When I had just turned 5, my mom gave me a jump rope. I attempted to actually JUMP ROPE with it, but could not quite master the art of skillfully whipping the rope around at the exact time needed to jump over it without tripping on it. The way she tells the story, I gave it a few tries, became frustrated, and threw a tantrum because I couldn’t do it.
Then my mom signed me up for piano lessons.
Yes, these two events are related. You see, I was a kiddo who was a perfectionist. My mom wanted me to learn that there are things in life that will challenge me, and that I needed to work through those challenges to master certain skills. There’s not exactly instant gratification when it comes to learning a musical instrument.
Since I began piano lessons at such a young age, I don’t remember what it looked or felt like to work through those frustrations. But now I have a daughter who is very much like me.
Call it karma, but my daughter, too, is a perfectionist who is used to many academic things coming quickly to her. I recognized how easily frustrated she became if she wasn’t instantly THE BEST at something. I saw the benefits in starting her with piano lessons at a young age, just as I had.
While I may not remember my earliest piano lessons and practices, I remember my daughter’s. And not fondly! It was not unusual for her to throw herself onto the piano bench in a dramatic display of despair at being asked to play a 3-note song. If she couldn’t play Mary Had a Little Lamb perfectly the first time through, the tears would flow. It was SO TEMPTING to just say, “Okay, we’re done!”
Fast forward 3 years, and our piano practices are worlds different. She has been at it long enough to know that things will come in time. She is confident in her ability to work through mistakes and she actually enjoys playing and rarely complains when it’s time to practice. It’s not ALWAYS easy. There are still occasional tears or resistance to practicing when she’s working on a particularly difficult piece of music. However, she has come a loooong way and learned a lifelong lesson about working through challenges.
Members of my online courses who are part of my private Facebook group recently discussed practicing struggles on a thread with me. I learned that many parents are working through the challenges that come with having a child who is a perfectionist or becomes easily frustrated. If this describes your kiddo, you aren’t alone!
I want to share with you some of the things that helped my own daughter immensely, and also wisdom and ideas that I’ve gathered from other parents whose children have taken lessons from me through the years.
I hope our collective experiences will help preserve your sanity.
I’m a big fan of practicing in very small sections – especially if a child is really struggling to master a certain concept or taking on a longer piece. There’s absolutely NO REASON to try to play the entire piece at your very first practice. It can take forever, be discouraging and result in frustrations.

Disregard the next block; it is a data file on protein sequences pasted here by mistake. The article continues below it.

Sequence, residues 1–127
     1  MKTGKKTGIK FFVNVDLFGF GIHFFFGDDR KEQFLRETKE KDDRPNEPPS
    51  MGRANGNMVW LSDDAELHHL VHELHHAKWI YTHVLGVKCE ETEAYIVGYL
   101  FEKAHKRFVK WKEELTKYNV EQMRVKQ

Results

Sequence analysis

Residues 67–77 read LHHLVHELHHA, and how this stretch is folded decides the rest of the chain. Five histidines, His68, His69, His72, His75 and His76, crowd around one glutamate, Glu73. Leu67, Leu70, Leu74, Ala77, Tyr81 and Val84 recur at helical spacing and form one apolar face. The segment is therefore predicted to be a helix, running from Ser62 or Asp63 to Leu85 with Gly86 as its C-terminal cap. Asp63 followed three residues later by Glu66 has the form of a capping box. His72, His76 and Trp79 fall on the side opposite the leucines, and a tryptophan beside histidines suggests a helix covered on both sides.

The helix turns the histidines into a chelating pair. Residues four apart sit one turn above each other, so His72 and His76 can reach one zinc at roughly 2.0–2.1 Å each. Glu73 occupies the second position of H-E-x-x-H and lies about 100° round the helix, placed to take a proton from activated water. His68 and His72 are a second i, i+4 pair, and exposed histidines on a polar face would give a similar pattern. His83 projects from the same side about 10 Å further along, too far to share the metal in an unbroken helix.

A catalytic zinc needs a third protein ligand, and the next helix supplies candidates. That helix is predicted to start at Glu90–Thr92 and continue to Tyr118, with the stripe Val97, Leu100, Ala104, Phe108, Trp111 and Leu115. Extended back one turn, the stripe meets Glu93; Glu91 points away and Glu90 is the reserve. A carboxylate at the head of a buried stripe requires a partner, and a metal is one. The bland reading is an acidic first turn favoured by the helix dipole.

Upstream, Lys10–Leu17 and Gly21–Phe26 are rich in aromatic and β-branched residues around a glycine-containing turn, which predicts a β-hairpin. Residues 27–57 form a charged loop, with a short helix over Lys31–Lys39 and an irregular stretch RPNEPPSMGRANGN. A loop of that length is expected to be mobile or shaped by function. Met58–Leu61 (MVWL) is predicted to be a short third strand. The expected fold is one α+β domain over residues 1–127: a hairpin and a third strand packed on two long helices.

Instead, I encourage you to divide the piece up to four sections (give or take a few, depending on the length of the piece). Take on one section per day. My daughters’ music tends to be 2-3 pages long, so we typically work on 2-3 lines per practice. She might play them hands separate a few times, and then together a few times. Because we’re working on such a small section, it doesn’t take a huge amount of time to work through. She doesn’t get overwhelmed and makes noticeable progress. She then feels as though she’s accomplished something (and she has!).
Keep things light by taking a practice or two away from the piano.
Work on the rhythm of a piece using drums or tambourines. Sing the melody of the piece together using solfege or making up silly words. (Click here to read 4 ways to practice piano without a piano.)
Throw some “easy” pieces into the mix.
It can be discouraging to work on all new things and feel as though you are really tripping over all the notes and not making music! Allowing your child to occasionally work through something below the level she is currently working at can boost her confidence. She might then feel motivated again when she remembers how fun it is to play something well!
Give specific praise.
If my daughter really stumbles her way through a scale and I say, “Good job!”, I am usually met with a skeptical side-eye. Why should she believe me if she is clearly struggling and I am giving her vague compliments? Finding something she did really well gives her something encouraging to grasp onto. “Good job using correct fingering!” or “Your round fingers look beautiful!” or “I love how you’re keeping your eyes on the music.”
When it comes to learning a musical instrument, perfectionism can actually be an asset. Once your child learns not to let that perfectionism keep her from working through mistakes and celebrating small victories, perseverance is developed . Success begets success. When you support her through the learning process and she begins to see actual progress being made, she’ll feel the sense of accomplishment, confidence and pride that come with the ability to make music.